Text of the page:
Told in parallel to Edwin Clayhanger's story using the point of view of his eventual wife, Hilda -- her coming of age, her experiences as a shorthand clerk and keeper of a lodging house in London and Brighton, her disastrous bigamous marriage and pregnancy, and finally her reconciliation with Edwin Clayhanger.
rather wiry black hair, and her straight, prominent eyebrows, and her extraordinary expression of uncompromising aloofness.
"She's just enjoying it, that's what she's doing!" said Hilda to herself, of Mrs. Grant.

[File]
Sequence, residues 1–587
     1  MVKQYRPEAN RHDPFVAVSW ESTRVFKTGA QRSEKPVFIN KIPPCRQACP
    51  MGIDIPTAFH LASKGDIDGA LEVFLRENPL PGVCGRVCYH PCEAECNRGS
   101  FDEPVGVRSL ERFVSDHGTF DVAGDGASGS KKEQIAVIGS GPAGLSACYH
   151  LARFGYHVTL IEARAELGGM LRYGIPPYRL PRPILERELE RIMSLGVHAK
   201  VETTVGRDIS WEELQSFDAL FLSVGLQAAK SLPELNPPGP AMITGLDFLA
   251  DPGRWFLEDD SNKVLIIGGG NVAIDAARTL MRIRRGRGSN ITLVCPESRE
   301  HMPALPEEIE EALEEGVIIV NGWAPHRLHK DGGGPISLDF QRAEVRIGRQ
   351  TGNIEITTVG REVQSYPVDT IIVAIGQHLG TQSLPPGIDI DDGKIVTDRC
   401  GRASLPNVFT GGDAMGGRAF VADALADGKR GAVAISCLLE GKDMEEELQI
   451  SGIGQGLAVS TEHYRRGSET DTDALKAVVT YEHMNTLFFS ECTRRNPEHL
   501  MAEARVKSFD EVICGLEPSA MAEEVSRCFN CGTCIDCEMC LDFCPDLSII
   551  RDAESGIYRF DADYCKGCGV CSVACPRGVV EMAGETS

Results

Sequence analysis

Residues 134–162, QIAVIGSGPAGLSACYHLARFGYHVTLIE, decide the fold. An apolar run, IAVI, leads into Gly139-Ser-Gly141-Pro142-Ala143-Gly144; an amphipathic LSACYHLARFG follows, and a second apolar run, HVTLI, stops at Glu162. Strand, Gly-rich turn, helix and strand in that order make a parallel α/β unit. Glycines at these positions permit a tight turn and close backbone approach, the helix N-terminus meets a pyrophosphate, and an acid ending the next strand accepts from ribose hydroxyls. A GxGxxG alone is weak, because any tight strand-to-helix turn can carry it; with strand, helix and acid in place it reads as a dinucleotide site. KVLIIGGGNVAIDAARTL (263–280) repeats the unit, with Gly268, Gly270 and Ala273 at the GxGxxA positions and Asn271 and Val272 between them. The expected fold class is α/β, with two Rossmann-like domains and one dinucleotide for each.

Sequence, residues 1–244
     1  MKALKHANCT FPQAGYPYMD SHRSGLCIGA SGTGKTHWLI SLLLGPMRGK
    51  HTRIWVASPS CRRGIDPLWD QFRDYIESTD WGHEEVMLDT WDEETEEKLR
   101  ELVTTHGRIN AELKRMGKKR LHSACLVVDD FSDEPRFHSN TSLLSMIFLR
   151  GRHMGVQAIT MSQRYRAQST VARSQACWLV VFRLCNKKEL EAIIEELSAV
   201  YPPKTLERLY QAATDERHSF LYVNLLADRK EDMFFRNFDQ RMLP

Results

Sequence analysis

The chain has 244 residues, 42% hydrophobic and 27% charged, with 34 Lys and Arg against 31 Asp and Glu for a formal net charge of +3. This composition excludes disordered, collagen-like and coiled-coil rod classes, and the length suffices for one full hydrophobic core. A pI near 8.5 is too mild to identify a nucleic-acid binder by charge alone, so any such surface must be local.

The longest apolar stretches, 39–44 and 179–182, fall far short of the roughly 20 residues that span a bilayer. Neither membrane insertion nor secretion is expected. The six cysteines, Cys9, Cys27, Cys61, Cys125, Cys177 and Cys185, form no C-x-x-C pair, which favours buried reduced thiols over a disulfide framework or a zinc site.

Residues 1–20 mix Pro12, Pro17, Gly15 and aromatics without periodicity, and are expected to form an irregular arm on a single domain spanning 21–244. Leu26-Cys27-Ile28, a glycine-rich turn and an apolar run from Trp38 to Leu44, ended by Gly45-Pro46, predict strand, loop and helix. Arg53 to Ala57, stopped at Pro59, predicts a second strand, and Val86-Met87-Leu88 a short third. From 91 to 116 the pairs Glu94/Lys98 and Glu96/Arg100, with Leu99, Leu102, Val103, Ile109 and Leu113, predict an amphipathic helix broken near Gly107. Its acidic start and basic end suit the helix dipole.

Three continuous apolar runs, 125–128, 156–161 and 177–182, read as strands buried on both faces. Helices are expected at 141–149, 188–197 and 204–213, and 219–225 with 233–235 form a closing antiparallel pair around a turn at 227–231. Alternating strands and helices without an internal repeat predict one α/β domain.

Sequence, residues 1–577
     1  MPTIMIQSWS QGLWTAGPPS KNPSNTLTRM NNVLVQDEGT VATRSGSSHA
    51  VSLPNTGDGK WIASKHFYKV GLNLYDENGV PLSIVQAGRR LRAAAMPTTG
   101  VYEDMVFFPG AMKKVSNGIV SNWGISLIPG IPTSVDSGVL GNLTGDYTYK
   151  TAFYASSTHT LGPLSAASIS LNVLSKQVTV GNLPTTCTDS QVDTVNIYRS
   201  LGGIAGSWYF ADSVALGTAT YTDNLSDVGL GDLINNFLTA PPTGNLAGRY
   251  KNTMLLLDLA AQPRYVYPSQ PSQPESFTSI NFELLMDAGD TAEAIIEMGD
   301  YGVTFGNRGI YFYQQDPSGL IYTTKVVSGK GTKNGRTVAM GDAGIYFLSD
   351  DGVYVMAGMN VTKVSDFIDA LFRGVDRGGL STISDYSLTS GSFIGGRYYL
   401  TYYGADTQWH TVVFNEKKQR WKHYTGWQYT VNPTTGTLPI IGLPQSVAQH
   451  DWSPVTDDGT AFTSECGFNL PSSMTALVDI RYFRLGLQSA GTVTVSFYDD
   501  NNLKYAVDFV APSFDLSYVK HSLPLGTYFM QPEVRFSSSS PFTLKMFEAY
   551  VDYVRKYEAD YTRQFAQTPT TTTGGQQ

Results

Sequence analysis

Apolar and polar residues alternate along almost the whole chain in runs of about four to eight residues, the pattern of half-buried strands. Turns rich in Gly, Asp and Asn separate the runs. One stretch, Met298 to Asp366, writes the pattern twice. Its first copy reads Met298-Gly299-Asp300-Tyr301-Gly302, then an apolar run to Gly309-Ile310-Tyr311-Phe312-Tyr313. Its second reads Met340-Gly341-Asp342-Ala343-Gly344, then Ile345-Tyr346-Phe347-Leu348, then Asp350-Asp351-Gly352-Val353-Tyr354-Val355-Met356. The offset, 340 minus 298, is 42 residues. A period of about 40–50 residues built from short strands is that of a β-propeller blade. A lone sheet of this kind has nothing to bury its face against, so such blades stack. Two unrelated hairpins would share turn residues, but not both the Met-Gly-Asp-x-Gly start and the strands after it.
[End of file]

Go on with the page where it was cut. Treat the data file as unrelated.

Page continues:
And the fact was that Mrs. Grant, quite unconsciously, did appear to be savouring the catastrophe with pleasure. Although paralytic strokes were more prevalent at that period than now, they constituted even then a striking dramatic event. Moreover, they were considered as direct visitations of God. Also there was something mysteriously and agreeably impressive in the word 'paralytic,' which people would repeat for the pleasure of repeating it. Mrs. Grant, over whose mighty breast flowed a black mantle suited to the occasion, used the word again and again as she narrated afresh for Hilda the history of the stroke.
"Yes," she said, "they came and fetched me out of my bed at three o'clock this morning; and would you believe me, though he couldn't hardly speak, the money and this here book was a
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